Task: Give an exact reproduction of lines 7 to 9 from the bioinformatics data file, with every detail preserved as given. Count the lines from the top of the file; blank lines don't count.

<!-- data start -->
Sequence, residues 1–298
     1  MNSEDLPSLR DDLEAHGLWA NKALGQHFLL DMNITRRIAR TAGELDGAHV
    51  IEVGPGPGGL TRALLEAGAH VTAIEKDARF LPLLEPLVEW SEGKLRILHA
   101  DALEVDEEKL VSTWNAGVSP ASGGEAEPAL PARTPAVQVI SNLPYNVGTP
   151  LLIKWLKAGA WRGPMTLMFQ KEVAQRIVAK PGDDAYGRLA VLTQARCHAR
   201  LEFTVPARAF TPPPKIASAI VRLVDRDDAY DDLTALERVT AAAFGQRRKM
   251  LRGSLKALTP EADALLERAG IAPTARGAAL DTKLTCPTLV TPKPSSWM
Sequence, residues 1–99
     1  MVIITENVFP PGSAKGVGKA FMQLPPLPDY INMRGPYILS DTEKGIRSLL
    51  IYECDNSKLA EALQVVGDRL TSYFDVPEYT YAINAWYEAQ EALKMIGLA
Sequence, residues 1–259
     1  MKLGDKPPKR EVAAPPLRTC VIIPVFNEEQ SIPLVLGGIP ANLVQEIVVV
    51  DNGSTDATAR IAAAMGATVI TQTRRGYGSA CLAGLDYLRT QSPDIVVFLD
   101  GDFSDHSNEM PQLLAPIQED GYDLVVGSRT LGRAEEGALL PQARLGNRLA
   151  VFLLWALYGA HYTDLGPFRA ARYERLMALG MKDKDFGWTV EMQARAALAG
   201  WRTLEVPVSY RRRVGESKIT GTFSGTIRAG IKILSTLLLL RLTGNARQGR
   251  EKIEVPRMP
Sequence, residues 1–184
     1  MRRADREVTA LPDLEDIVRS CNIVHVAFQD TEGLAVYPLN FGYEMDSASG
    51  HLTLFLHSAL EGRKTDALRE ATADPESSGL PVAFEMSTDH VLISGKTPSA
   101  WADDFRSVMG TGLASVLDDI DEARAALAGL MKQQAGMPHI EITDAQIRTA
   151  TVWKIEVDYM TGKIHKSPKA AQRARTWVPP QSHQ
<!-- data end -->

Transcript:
   251  LRGSLKALTP EADALLERAG IAPTARGAAL DTKLTCPTLV TPKPSSWM
Sequence, residues 1–99
     1  MVIITENVFP PGSAKGVGKA FMQLPPLPDY INMRGPYILS DTEKGIRSLL